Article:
Engineering computer systems almost always involves some
For high-performance computing systems, a cluster of workstations
with a high-performance network has emerged as a cost-effective
solution for many users. One class of these cluster of workstation,
which is distinguished by its exclusive use of COTS (commodity,
off-the-shelf) parts, is called a Beowulf machine.
Our Adaptable Computing Cluster (ACC) project is exploring the
novel use of a off-the-shelf component called an ACE2card. This
PCI-bus card has reconfigurable computing (RC) resources and, in
our system, a gigabit Ethernet network interface on the mezzanine
adapter. Since the RC is on the critical path to the network switch,
the ACE2card and RC is an integral part of the machine. Although
the ACE2card is not a commodity part, we are using it to explore
its potential in a Beowulf-class machine. Specifically, we are
investigating questions such as how to balance the use of RC for
computation and communication and how to best use the system for
specific application/problem domains.
The current system consists of eight processors (four dual-processor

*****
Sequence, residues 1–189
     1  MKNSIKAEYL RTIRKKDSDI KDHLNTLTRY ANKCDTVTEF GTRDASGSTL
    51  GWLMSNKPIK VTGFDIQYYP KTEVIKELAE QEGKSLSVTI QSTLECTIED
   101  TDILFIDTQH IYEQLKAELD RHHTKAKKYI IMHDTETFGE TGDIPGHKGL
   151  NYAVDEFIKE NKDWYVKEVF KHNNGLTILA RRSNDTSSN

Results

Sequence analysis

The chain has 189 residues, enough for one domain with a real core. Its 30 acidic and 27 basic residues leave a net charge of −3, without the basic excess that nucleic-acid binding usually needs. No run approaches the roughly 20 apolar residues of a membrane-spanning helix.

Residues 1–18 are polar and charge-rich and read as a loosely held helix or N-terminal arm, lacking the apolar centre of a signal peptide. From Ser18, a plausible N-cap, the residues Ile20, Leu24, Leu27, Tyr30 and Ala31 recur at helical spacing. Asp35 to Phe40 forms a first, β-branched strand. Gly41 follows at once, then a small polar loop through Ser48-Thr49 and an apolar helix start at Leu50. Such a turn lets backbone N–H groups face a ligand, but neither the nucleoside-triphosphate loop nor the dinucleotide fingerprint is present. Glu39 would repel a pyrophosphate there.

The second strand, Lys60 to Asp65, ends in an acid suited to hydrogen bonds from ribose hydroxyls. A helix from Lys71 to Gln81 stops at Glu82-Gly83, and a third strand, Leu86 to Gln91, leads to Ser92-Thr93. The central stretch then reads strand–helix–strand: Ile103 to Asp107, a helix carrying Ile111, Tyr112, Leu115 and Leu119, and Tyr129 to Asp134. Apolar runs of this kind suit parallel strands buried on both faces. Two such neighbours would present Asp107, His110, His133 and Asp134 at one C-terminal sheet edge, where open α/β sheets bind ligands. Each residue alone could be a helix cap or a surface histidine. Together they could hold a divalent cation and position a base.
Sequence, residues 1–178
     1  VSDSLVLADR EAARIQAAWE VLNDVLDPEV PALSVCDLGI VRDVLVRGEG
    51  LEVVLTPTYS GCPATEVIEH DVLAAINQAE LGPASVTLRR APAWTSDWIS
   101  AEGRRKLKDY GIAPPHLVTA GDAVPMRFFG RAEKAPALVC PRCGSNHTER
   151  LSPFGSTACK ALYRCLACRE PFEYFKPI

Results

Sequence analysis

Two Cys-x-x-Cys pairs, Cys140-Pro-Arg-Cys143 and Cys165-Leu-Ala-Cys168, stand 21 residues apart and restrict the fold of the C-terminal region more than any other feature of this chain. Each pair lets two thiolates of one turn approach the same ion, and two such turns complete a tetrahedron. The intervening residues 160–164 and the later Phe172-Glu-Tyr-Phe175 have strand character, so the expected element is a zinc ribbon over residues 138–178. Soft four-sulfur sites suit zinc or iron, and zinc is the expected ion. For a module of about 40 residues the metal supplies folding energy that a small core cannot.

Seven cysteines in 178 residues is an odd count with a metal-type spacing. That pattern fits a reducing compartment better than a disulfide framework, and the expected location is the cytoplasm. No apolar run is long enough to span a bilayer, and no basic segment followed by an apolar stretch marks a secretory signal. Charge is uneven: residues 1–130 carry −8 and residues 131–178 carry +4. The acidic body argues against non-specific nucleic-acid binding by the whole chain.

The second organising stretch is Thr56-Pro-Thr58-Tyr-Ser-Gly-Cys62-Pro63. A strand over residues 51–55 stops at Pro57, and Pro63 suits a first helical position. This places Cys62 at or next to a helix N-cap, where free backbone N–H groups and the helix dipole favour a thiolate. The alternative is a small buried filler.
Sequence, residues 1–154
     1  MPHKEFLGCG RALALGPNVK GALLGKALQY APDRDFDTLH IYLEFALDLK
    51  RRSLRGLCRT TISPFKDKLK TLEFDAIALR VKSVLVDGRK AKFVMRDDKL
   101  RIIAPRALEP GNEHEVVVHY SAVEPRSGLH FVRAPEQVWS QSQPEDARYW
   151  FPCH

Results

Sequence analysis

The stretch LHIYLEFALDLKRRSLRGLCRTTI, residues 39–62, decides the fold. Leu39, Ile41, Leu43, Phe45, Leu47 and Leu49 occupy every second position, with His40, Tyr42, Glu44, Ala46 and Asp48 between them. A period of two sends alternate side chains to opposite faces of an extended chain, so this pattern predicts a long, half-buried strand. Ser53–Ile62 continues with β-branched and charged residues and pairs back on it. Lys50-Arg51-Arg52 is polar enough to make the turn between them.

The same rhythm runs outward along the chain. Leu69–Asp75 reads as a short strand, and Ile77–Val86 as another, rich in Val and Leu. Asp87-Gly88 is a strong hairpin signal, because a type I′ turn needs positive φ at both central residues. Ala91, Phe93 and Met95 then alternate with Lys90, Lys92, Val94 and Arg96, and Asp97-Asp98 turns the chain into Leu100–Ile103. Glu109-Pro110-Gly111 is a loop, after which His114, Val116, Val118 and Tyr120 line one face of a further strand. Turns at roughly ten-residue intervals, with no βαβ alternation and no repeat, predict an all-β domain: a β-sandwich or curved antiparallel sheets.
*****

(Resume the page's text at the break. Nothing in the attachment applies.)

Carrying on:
workstations) connected by a Foundry Net BigIron (gigabit switch).
An NSF award as enabled us to expand the system to 16 nodes and the
ACE2card are slated to be delivered in mid-September 2000. Underway
is graduate student work developing Linux device drivers for the ACE2card
and the network interface mezzanine card. (Preliminary results are
achieving 96 MB/s, roughly 75% of the theoretical bandwidth, through
the line to the switch.)
Several investigations have been organized as part of the ACC project.
First is an investigation into the general evaluation of the performance
of the machine. This includes the development of network protocols
that are implemented in the RC, user-level network interfaces, and
development of RC components to support general parallel processing
applications, via MPI or another message-passing system. Closely related
is an investigation that proposes to port PVFS (a parallel file system
developed in the PARL lab) to the ACC machine. PVFS on ACC would implement
the PVFS control messages in the RC and thus greatly improve the latency.
A third investigation is in collaboration with Clemson University
Genomics Institute (CUGI). It is well established that the performance
of genomics applications can be greatly improved by using RC to speed
up individual jobs and the nature of the applications allow them to
be run in parallel on Beowulf machines. So we expect that the ACC machine
will show exceptional performance gains, but there are several important
questions. For example, how to balance the system resources
between communication and computation to give optimal performance.
 the exceptions are the
relatively few `performance at any cost' systems